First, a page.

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  • The Fatality of Readings: de Man, Gasché, and the Future of Deconstruction
  • James O’Rourke (bio)

This will in fact be the task of literary criticism in the coming years.

—Paul de Man, Allegories of Reading (17)

The most familiar account of the history of deconstruction in America is probably the one that describes the domestication of the radical force of Derrida’s work as deconstruction was transformed, primarily by de Man and his Yale colleagues, into a method of literary criticism. While a benign version of this story would allow that some deconstructive principles have been absorbed into cultural studies and the new historicism, the presumption remains of a binary opposition between what is potentially valuable, radical and authentically Derridean about deconstruction and its use as technique of literary criticism. This belief, which sustains the ease with which deconstructive criticism has been marginalized in literary study in the last decade, depends upon an unexamined foreclosure of de Man’s argument for the category of “literature” as a privileged site of the “critique of metaphysics” (1979, 15). This foreclosure, in turn, depends upon the mistaken identification of the concept of “literature” with an empirically determinate field, yet even a passing familiarity with de Man’s work should make it clear that, for his purposes, not every text that begins “Once upon a time” qualifies as “literature,” while one that opens with the seemingly factual claim that “Man was born free and is everywhere in chains” might well involve an ironic evacuation of the metaphysical underpinnings of the field of political theory.

The decline of de Man’s critical fortunes has coincided with an increasing visibility accorded to the work of Rodolphe Gasché, whose chastisement of deconstructive literary critics for their supposed “miscomprehension of deconstruction in the strict sense” (1986, 3) has helped to justify the marginalizing of deconstructive literary criticism [End Page 49] at the same time that Gasché has provided a more respectable public face for deconstruction as an advanced form of philosophy than did the proliferation of the “technically correct rhetorical readings” (de Man 1986, 19) which characterized de Manian deconstruction. Gasché’s identification of the “infrastructures” that supposedly organize Derrida’s work and define the “systematism of deconstruction” as a “coherent theoretical configuration” (Gasché 1986, 124) leads him to charge deconstructive literary critics with not having done the necessary “preparatory steps” (1986, 255) with these infrastructures to enable them to “lay claim to the title” of being “deconstructive in the eminent sense” (1986, 3). One Gaschean critic has spelled out the implications of Gasché’s critique in no uncertain terms; as Jeffrey Nealon has argued, “assuming that Gasché is correct,” the reform of deconstruction would demand far more than deconstructive critics coming to a better understanding of the principles behind their interpretive practices. If, as Gasché and Nealon claim, Derrida’s work represents the most advanced form of a postmodern critique of a logocentric tradition, this teleological view of history calls into question “the value of critical projects that aim at simply rereading the tradition from another point of view (such as the deconstructive one)” (Nealon 1992, 1267–8).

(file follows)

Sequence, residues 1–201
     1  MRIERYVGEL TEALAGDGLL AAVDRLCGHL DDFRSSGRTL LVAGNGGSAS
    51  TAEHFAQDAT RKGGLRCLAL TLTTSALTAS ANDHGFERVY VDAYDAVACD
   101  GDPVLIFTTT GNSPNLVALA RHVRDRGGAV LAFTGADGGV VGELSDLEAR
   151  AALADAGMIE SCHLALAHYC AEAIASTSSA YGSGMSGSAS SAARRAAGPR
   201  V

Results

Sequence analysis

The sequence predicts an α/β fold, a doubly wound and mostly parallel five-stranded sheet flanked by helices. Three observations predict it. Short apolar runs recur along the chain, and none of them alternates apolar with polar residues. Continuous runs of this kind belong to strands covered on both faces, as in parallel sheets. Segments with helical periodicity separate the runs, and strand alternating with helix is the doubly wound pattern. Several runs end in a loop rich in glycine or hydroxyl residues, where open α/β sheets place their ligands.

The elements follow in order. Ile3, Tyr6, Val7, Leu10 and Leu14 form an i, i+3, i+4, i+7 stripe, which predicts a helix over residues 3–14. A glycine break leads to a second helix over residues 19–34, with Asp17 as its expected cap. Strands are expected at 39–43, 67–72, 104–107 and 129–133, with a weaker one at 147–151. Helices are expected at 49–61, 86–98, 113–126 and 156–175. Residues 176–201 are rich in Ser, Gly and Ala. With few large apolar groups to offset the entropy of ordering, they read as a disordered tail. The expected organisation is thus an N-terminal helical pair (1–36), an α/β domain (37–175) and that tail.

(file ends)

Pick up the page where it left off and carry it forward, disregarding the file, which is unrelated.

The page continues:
Relegating deconstructive literary criticism to the role of an aberrational epiphenomenon would be entirely justified if we could assume, as Nealon asks, that Gasché is right about the inadequate Derrideanism of a literary, or de Manian, deconstructive critical practice. If the unending parataxis that ensues from de Man’s arguments that “the possibility of reading can never be taken for granted” (de Man 1983, 107), yet “this act is being systematically avoided” (de Man 1986, 15) is based on the superficial appropriation of a few Derridean principles that literary critics have, in their philosophical ignorance, detached from the philosophical context which alone determines their significance, then Gasché’s focus on the “infrastructures” of Derrida’s work offers a systematic explanation for de Man’s confessed habit of seeming to “always start again from scratch” in essays whose “conclusions fail to add up to anything” (de Man 1984, viii). These reflective comments on the essays collected in The Rhetoric of Romanticism, where de Man acknowledges a “failure to make the individual readings coalesce,” become, from a Gaschean perspective, not...

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